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Crossing the equator, we arrive in South America, the continent predicted to incur the largest increase in erosion rates in the coming decades. Already 68% of South American soil is affected, with 259 million hectares deforested, 70 million hectares overgrazed by livestock, and as much as half the land in Argentina and Paraguay damaged by desertification. Landlocked Bolivia, where 77% of citizens live in degraded areas, is a particularly troubling case. Traditional farming techniques have long protected soil on Bolivia’s slopes—home to the highest proportion of indigenous people in any South American country—but the trend in rural communities toward non-agricultural employment has led to labor shortages, necessitating less labor-intensive crop management practices that accelerate erosion. Although 60% of Bolivian drylands are eroding at 5 tonnes per hectare or less, as much as 6.4% of the land is losing between 50 and 500 tonnes per hectare annually. Few societies can afford losses of that magnitude, which, if left undeterred, will render those lands agriculturally obsolete in a few years.
In Brazil, demand for bioenergy crops indirectly imperils the soil. Brazil has 32 million hectares of land designated as erosion hotspots because they lose soil at more than 20 tonnes per hectare each year. In the southern region, which is mixed forest and a center for poultry and pork production, erosion will likely increase as temperatures rise, leading to high-erosivity rainfall. The Brazilian economy depends on agribusiness to contribute 22% of the GDP and one-third of all employment. Brazil’s diverse crop portfolio, dominated by beef, soybeans, coffee, and orange juice, is exported to China, the United States, and the European Union. Although agricultural expansion has boosted the nation’s economy, it has been destructive to soil. Satellite imagery of Brazil shows that between 2000 and 2014 vast tracts of pastures were replaced with soybeans, sugarcane, and maize, nearly doubling the land area dedicated to intensive row crops. These three crops are responsible for an estimated 28% of Brazil’s soil erosion caused by agricultural activity. Sugarcane production for the bio-energy industry is especially problematic because the soil is left bare and then plowed using heavy machinery that compacts land, increasing runoff and erosion. If Brazil is to keep up with increasing global demand for bioenergy alternatives to fossil fuels, farmers must restore the earth. Already, nutrient replenishment costs sugarcane farmers as much as $6 per hectare each year, and some Brazilian states are paying in excess of $200 million annually to address soil loss. Heavy use of fertilizer will prop up yields temporarily, but before long, damage to soil will reduce crop production.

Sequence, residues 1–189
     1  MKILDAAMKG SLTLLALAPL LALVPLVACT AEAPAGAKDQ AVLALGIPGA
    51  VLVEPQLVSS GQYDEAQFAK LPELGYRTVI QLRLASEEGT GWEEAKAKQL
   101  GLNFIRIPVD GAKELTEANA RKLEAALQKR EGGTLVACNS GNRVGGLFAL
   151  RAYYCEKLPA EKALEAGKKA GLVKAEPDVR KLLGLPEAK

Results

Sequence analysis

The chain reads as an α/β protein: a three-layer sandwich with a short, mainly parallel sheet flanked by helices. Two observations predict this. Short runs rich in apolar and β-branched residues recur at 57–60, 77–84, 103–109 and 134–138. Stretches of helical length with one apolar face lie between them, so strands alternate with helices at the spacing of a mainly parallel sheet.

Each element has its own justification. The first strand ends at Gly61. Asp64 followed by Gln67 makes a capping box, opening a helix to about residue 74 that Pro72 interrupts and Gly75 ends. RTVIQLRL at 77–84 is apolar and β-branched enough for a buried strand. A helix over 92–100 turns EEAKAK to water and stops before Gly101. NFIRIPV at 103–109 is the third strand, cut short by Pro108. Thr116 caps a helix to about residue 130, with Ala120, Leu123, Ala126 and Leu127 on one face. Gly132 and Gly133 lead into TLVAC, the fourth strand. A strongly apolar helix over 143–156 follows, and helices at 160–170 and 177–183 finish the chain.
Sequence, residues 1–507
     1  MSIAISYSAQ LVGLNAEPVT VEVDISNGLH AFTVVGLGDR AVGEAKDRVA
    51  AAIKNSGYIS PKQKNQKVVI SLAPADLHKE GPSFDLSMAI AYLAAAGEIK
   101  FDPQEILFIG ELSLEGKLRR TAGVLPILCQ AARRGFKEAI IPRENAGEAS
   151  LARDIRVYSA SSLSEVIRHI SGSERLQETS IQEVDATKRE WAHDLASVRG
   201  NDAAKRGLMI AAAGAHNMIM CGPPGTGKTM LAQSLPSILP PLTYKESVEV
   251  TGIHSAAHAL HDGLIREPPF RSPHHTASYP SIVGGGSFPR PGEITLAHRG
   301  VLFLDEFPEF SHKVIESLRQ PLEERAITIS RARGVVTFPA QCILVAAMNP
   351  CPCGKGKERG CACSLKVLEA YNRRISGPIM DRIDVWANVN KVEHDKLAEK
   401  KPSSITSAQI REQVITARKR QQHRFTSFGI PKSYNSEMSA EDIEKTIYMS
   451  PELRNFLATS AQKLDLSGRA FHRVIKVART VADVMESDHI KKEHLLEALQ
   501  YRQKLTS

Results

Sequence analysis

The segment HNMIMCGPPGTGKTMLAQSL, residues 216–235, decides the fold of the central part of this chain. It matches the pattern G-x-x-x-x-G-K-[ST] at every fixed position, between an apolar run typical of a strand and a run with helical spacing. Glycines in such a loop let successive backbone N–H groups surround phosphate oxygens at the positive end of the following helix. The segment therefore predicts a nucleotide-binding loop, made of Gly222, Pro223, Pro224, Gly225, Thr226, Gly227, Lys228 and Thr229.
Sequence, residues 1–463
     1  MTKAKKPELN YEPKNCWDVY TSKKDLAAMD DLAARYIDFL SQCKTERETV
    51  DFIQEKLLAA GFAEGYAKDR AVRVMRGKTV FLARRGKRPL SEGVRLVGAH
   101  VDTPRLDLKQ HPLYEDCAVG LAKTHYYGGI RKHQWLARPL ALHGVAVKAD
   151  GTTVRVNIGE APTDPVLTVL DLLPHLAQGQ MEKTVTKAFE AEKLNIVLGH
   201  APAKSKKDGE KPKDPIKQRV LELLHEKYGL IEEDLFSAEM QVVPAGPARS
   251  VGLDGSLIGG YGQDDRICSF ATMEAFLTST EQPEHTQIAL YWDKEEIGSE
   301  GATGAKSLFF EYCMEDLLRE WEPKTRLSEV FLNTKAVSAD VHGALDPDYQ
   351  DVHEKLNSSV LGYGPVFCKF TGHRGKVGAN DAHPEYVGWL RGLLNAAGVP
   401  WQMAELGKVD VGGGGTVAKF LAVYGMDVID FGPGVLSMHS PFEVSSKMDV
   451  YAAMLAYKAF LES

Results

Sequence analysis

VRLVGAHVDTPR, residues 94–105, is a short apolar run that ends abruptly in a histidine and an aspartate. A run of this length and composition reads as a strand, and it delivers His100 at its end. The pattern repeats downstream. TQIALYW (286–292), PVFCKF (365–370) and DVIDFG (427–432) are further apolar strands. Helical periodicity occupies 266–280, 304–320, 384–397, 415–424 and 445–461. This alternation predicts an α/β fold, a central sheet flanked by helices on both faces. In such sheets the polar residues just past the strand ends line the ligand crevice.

As soil erosion intensifies worldwide, many countries may experience crop loss simultaneously, creating unprecedented food shortages.
Historically, during times of scarcity after crop failures, natural disasters, or armed conflict, countries have relied on the safety net of international food aid. But food aid programs are predicated on the assumption that certain countries will always have substantial food stockpiles. This assumption may no longer be valid.
Excerpted from A World Without Soil: The Past, Present, and Precarious Future of the Earth Beneath Our Feet by Jo Handelsman with research and creative contributions by Kayla Cohen, to be published November 23, 2021 by Yale University Press. Copyright © 2021 by Jo Handelsman.
Jo Handelsman is a soil scientist, director of the Wisconsin Institute for Discovery, and author of A World Without Soil: The Past, Present and Precarious Future of the Earth Beneath Our Feet. She’s based in Madison, Wisconsin.